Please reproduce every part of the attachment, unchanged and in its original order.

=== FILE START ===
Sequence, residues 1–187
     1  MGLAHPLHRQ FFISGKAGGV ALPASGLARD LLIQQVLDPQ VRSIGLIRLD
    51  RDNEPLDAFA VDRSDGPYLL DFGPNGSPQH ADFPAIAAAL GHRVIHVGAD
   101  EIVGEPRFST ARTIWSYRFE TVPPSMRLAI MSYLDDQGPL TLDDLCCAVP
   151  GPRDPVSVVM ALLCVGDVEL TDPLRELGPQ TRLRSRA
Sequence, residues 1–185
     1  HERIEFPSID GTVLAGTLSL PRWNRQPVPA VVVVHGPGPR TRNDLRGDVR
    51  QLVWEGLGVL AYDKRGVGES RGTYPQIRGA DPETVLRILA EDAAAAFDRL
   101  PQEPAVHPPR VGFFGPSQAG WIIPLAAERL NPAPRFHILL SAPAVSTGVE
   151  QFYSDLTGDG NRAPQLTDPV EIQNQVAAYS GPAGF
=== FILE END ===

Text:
Sequence, residues 1–187
     1  MGLAHPLHRQ FFISGKAGGV ALPASGLARD LLIQQVLDPQ VRSIGLIRLD
    51  RDNEPLDAFA VDRSDGPYLL DFGPNGSPQH ADFPAIAAAL GHRVIHVGAD
   101  EIVGEPRFST ARTIWSYRFE TVPPSMRLAI MSYLDDQGPL TLDDLCCAVP
   151  GPRDPVSVVM ALLCVGDVEL TDPLRELGPQ TRLRSRA
Sequence, residues 1–185
     1  HERIEFPSID GTVLAGTLSL PRWNRQPVPA VVVVHGPGPR TRNDLRGDVR
    51  QLVWEGLGVL AYDKRGVGES RGTYPQIRGA DPETVLRILA EDAAAAFDRL
   101  PQEPAVHPPR VGFFGPSQAG WIIPLAAERL NPAPRFHILL SAPAVSTGVE
   151  QFYSDLTGDG NRAPQLTDPV EIQNQVAAYS GPAGF